I won’t lie; it wasn’t easy to wake up for 6 a.m. yoga classes during my visit, even though they did come with some spectacular ocean views. But I did it, and have been trying to stick with that schedule at home. As a result, my mornings feel less manic and more spacious. Yes, it means I no longer stay up until 1 a.m. re-watching old episodes of ’90s TV—bu those simply aren’t a key ingredient in the pura vida lifestyle.
2. Eat simply
There are many amazing restaurants on Peninsula Papagayo, but I ordering the same thing at all of them—a vegetarian casado, or a traditional plate consisting of rice, beans, grilled vegetables, plantains, and tortillas. The back-to-basics simplicity to this approach was especially refreshing, and, according to Peña, one of the reasons he believes Costa Ricans stay healthy well into old age.
“People in Costa Rica don’t mix a lot of things,” he says. “The basic breakfast after our workout is rice, beans, eggs, and sour cream. Lunch is made with rice, beans, salad, vegetables, and chicken, fish, pork, or beef. Mostly, the dinners are vegetarian—Costa Rican families don’t normally have meat at night.” He says meals like these are easy to digest, and anecdotally, I found to be true.
Another benefit of this food outlook? I’ve noticed since implementing it in my real life that it’s simplifying my meals in terms of money I’m spending on ingredients and time spent prepping meals. And that’s added up to less all-around stress.
3. Spend time in nature
Confession: Even though I live across the street from the beach, I sometimes go weeks without putting my feet in the sand. None of the born-and-bred Costa Ricans I met took their lush surroundings for granted—all of the them told me that in their spare time, they prioritize time spent outdoors.
This is good for mental health, as Peña points out to me, but it’s also a win for creativity. Karen Arceyuth, head mixologist at Four Seasons Costa Rica’s Nemare restaurant, uses nature as inspiration for her fanciful cocktails. Take the “Monteverde,” for example—made with absinthe, lemongrass Guaro Cacique (a rum-like Costa Rican liquor), lime juice, and fresh mint and coriander leaves. It’s an homage to the country’s Monteverde Cloud Forest Reserve and its dizzying array of plant and animal life.
So if you, like me, often think you’re too busy to take a walk around your neighborhood, you might want to reframe your perspective of productivity to one that’s more pura vida-friendly. The eventual results of brilliance may surprise you.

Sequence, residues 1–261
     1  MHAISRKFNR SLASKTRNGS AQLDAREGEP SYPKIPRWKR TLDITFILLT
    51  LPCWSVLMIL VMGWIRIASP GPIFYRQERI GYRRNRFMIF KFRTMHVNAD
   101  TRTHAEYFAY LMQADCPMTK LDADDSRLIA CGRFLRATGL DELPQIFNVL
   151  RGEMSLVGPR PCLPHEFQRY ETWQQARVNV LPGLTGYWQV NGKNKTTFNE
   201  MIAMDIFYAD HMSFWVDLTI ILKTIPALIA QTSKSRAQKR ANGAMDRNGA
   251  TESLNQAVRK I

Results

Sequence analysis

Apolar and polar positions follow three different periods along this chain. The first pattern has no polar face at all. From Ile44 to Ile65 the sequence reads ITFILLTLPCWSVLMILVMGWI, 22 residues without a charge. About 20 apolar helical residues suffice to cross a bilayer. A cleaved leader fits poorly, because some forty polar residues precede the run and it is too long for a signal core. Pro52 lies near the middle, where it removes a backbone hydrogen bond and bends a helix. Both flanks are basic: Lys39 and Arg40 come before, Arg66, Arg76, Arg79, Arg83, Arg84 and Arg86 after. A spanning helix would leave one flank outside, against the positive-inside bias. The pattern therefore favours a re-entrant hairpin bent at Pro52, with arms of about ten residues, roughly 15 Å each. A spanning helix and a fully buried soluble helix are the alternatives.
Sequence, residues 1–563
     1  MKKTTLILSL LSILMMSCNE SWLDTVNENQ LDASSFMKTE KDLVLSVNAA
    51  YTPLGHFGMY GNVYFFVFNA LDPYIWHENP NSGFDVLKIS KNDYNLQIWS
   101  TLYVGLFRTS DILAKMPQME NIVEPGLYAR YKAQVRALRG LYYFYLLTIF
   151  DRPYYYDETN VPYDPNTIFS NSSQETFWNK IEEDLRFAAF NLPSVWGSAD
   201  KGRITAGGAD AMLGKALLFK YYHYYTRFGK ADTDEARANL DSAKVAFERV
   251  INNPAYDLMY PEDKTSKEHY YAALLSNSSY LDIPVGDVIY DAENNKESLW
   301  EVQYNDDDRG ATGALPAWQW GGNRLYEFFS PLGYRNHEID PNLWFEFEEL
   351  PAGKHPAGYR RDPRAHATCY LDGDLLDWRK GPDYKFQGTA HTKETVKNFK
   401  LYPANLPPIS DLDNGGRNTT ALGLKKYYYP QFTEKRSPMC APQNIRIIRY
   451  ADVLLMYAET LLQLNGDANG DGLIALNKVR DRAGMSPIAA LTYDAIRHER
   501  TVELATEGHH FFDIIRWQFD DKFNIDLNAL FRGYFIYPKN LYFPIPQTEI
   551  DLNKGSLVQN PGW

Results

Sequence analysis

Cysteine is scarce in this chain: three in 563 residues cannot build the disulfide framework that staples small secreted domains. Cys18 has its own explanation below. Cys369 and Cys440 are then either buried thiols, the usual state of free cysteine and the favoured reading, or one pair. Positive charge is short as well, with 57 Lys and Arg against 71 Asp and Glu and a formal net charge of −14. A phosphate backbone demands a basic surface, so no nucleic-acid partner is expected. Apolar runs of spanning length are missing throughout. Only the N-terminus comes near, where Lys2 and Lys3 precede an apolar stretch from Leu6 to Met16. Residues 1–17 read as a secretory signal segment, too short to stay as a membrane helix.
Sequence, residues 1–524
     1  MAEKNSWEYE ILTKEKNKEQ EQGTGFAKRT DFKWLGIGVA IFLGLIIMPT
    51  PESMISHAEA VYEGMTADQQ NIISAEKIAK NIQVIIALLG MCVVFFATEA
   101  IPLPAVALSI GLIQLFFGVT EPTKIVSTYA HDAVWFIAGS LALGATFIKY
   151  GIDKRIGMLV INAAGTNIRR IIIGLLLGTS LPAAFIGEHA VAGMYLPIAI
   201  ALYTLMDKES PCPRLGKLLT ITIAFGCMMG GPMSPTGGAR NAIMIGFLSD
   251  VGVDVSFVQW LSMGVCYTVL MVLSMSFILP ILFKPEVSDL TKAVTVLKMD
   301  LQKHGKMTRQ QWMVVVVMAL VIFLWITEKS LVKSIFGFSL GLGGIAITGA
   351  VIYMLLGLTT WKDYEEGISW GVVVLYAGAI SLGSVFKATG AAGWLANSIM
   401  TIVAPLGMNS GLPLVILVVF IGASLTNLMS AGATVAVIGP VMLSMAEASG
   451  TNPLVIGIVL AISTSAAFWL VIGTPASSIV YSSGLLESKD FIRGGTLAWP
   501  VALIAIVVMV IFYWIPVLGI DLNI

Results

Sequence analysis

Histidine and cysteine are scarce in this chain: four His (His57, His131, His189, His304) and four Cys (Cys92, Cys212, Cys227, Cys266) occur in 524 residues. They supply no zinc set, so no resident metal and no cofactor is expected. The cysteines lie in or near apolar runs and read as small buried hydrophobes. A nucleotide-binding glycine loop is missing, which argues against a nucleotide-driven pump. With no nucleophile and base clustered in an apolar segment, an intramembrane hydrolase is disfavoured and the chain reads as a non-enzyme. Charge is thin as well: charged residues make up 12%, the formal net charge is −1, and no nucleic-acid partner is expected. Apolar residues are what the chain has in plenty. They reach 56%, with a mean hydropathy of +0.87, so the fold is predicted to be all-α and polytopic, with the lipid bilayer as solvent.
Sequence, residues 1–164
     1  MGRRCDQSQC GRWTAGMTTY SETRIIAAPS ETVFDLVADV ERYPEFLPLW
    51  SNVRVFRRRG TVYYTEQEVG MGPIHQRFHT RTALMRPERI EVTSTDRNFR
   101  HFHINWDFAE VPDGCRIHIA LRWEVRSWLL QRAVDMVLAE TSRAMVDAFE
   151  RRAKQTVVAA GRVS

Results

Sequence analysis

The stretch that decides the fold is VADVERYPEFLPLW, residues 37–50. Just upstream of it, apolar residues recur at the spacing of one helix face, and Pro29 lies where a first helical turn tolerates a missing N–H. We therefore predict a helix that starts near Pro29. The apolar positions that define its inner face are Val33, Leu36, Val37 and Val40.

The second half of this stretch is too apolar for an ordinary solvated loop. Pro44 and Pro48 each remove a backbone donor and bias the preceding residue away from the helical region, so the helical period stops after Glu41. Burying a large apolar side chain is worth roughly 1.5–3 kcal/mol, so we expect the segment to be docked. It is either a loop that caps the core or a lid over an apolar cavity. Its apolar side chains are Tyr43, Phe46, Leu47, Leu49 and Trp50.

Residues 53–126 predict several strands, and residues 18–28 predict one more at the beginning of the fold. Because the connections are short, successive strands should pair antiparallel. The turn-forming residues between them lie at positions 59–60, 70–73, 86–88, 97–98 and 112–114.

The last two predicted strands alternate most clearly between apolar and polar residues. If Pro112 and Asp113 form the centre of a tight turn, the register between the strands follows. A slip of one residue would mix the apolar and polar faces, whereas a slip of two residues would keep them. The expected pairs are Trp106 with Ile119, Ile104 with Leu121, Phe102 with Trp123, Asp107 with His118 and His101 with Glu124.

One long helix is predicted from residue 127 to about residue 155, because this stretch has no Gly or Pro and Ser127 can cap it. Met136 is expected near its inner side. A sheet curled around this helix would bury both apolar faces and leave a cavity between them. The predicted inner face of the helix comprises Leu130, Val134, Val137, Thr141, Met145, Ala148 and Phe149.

4. Prioritize people
Not only is social connection crucial for mental health, but it can also help us ward off a number of physical diseases. And when I asked locals what they do when they’re off the clock, every single one said that they spend time with family (or friends who are like family, if their birth family lives far away). It leads me to think that this is the key reason Costa Rica ranks so highly in terms of longevity and happiness.
“At night, we are always with family, which gives us that warm feeling that we need,” says Peña. His family lives in the central part of Costa Rica, a six hour drive away, but that doesn’t stop him from visiting them whenever he has a chance. “I need that love coming from them to make me feel grounded,” he says, noting that the calm he feels from family time can’t be replicated by his yoga or meditation practice.
There’s also a broader sense of community that’s nearly palpable in Costa Rica. Four Seasons guests have the opportunity to spend time volunteering in the surrounding towns, and I visited a local school with Peña to do yoga and share healthy snacks with kindergarten-age kids. Trite as it may sound, by the end of the morning I felt like everyone I met was part of my extended family. Both the teachers and students were so welcoming and present, greeting our group with hugs and big smiles and their contagious pura vida spirit.
Their warmth was a huge contrast to my arrival back in LA, when my Lyft driver barely even acknowledged me as I climbed into the car. That exchange filled me with even more urgent determination to sprinkle a bit of that legendary pura vida energy wherever I go.